A large subset of pregnant patients uses methadone as a treatment for opioid use disorder. According to an analysis by the CDC, more than 6% of surveyed women reported taking opioids while pregnant, and 21% of those women said that they misused opioids.[1,2]
In this article, we will explain what methadone is, how it works on the body, and explain the different benefits and risk factors associated with methadone use during pregnancy.
Along with buprenorphine and naltrexone, methadone is one of three FDA-approved medications for opioid use disorder (OUD).
Methadone is an opioid agonist which binds to opioid receptors in the brain and fills them up where opioids would normally bind. In patients who struggle with OUD, methadone prevents cravings and withdrawal symptoms that would normally occur if those receptors were empty.
Overall, it is safe to get pregnant while on methadone. The medication can be prescribed during pregnancy to women struggling with OUD.
Methadone is classified as a Category C medication in pregnancy. This means it is safe to use during the entirety of the pregnancy as it is not teratogenic — does not cause birth defects in the fetus.
However, there are some risks to using methadone during pregnancy, particularly the risk of Neonatal Abstinence Syndrome.
Neonatal Abstinence Syndrome (NAS) is the constellation of symptoms associated with a baby withdrawing from methadone after birth. The main complications of methadone use during pregnancy do not occur during the pregnancy itself but after delivery.
Even though NAS may be a difficult condition, it is not life-threatening.
The symptoms of withdrawal experienced by babies are similar to those experienced by adults such as:
NAS tends to start within the first 24 to 48 hours of life, and usually lasts for the first five to seven days after birth.
In their first week or two of life, NAS babies are notoriously colicky, fussy, and have difficulty eating enough calories to gain weight.
These babies are often kept in the hospital for a week or more during the withdrawal period to ensure they are eating adequately and gaining weight appropriately.
When used during pregnancy, methadone crosses the placenta, and babies get exposure to the opioid effects of methadone while growing in utero. Therefore, they can be born physiologically dependent on methadone, the same way an adult can be dependent on methadone.
The degree of severity of NAS can vary greatly between infants and depends on a number of factors.
It may be hard to predict the degree to which a baby will experience NAS. As a result, these babies are carefully monitored, and moms are given additional support and supervision after their delivery.
There are several different treatments for NAS after delivery.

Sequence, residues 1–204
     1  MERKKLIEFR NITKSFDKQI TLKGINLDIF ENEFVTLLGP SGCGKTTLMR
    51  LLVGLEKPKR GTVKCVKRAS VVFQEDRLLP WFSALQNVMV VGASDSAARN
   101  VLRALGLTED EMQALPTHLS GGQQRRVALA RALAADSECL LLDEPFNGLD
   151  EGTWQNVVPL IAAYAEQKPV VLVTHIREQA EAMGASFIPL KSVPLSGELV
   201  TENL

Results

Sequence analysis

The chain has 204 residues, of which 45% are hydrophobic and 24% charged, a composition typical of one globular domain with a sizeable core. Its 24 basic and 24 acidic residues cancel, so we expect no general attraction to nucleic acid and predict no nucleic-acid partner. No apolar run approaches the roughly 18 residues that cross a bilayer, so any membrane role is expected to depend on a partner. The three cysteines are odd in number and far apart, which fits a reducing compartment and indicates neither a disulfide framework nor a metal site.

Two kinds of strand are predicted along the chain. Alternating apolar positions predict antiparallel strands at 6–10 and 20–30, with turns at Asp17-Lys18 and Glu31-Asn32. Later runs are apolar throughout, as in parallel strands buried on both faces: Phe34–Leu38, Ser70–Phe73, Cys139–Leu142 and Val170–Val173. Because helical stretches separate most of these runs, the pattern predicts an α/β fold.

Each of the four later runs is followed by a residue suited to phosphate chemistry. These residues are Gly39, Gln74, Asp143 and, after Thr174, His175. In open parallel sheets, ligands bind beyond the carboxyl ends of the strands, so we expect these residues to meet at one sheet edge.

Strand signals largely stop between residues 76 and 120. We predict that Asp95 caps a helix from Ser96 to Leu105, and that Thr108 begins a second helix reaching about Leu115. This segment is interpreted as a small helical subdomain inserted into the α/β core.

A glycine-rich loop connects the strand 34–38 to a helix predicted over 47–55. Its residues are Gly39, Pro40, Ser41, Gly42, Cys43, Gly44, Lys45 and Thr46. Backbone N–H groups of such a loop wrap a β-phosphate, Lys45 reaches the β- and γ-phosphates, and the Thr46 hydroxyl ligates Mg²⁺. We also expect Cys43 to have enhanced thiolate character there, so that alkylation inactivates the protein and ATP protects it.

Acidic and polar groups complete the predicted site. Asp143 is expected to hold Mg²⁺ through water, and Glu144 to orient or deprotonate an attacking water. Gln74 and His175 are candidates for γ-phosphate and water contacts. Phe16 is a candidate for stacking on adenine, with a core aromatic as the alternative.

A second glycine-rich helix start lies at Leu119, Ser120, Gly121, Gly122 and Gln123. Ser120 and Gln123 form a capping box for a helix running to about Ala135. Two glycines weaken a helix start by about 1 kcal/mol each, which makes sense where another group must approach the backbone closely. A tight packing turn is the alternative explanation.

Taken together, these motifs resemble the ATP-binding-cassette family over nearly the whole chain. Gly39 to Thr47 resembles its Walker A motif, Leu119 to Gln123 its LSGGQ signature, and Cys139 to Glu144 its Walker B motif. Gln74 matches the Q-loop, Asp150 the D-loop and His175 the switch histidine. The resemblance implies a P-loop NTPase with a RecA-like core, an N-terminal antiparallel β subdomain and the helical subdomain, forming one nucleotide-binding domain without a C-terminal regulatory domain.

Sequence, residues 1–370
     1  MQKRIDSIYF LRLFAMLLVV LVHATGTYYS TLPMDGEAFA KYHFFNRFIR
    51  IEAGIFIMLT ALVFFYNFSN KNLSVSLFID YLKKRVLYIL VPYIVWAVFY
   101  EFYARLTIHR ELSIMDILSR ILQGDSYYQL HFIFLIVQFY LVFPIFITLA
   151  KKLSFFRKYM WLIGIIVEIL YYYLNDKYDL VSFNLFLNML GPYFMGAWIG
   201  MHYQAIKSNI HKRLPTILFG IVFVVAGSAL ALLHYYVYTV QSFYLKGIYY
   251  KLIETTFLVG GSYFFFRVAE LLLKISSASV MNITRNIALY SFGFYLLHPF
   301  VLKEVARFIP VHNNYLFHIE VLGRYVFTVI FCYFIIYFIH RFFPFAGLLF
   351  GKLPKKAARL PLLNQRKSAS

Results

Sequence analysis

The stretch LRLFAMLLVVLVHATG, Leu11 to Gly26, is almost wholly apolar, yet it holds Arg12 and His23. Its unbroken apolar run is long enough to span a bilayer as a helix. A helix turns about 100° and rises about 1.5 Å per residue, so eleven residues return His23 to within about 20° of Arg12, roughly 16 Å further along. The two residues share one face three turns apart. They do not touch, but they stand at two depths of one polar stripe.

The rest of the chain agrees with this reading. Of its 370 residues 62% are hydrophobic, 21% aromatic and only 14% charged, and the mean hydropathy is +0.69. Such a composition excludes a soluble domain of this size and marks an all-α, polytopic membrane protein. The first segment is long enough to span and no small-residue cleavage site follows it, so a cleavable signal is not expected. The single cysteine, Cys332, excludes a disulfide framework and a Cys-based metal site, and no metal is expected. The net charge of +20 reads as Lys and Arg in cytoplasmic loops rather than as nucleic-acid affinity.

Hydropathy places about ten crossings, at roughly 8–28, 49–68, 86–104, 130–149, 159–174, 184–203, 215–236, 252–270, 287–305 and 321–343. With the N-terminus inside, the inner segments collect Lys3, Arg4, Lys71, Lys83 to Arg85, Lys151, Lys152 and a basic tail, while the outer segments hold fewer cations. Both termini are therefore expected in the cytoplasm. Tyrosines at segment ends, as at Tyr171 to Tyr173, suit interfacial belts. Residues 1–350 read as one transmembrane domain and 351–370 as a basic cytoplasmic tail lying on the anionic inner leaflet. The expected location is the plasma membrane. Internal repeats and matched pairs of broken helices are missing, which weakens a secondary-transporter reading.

A large part of the care is supportive or non-pharmacological. This includes additional support from nurses to help the baby with breastfeeding and latching and support from hospital social work teams.
In addition, NAS can be treated with certain medications, including small doses of methadone itself.
However, methadone can be used to treat NAS only for a short period while the baby is in recovery in the hospital.
Any decision to use treatment during pregnancy has risks and benefits. Untreated OUD during pregnancy can lead to:
For some women, the risks of NAS might be way less than the risk of untreated OUD during pregnancy.
If OUD is left untreated, many doctors and women believe that the risks of self-harm or harm to the baby during pregnancy outweigh the risks of NAS.
Therefore, they decide to initiate or continue methadone maintenance therapy during their pregnancy. Research suggests that treatment with methadone during pregnancy is safe and better than abstinence-only therapy for multiple outcomes during childbirth.
If you are pregnant and struggling to overcome an opioid use disorder, reach out to a doctor to discuss the benefits of methadone or Suboxone treatment during pregnancy.
Bicycle Health uses Suboxone as a primary medication for dealing with opioid dependence. To learn more about the benefits and the effects of Suboxone, schedule a time to speak with one of our MAT professionals, or call us today at (844) 943-2514.
1. American Society of Addiction Medicine. Opioid use and opioid use disorder in pregnancy. Committee Opinion No. 711. American College of Obstetricians and Gynecologists. Obstet Gynecol 2017;130:e81–94. https://www.acog.org/clinical/clinical-guidance/committee-opinion/articles/2017/08/opioid-use-and-opioid-use-disorder-in-pregnancy
2. Ko JY, D’Angelo DV, Haight SC, et al. Vital Signs: Prescription Opioid Pain Reliever Use During Pregnancy — 34 U.S. Jurisdictions, 2019. MMWR Morb Mortal Wkly Rep 2020;69:897–903. DOI: http://dx.doi.org/10.15585/mmwr.mm6928a1
3. Health Care Resource Center. Methadone During Pregnancy: Opioid Addiction During Pregnancy. https://www.hcrcenters.com/blog/methadone-and-pregnancy-opioid-addiction-during-pregnancy/
6. Jansson LM, Patrick SW. Neonatal Abstinence Syndrome. Pediatr Clin North Am. 2019 Apr;66(2):353-367. doi: 10.1016/j.pcl.2018.12.006. PMID: 30819342; PMCID: PMC7605356.
7. Gaalema DE, Scott TL, Heil SH, Coyle MG, Kaltenbach K, Badger GJ, Arria AM, Stine SM, Martin PR, Jones HE. Differences in the profile of neonatal abstinence syndrome signs in methadone- versus buprenorphine-exposed neonates. Addiction. 2012 Nov;107 Suppl 1(0 1):53-62. doi: 10.1111/j.1360-0443.2012.04039.x. PMID: 23106927; PMCID: PMC4165073.
8. NIDA. 2017, July 1. Treating Opioid Use Disorder During Pregnancy. https://www.drugabuse.gov/publications/treating-opioid-use-disorder-during-pregnancy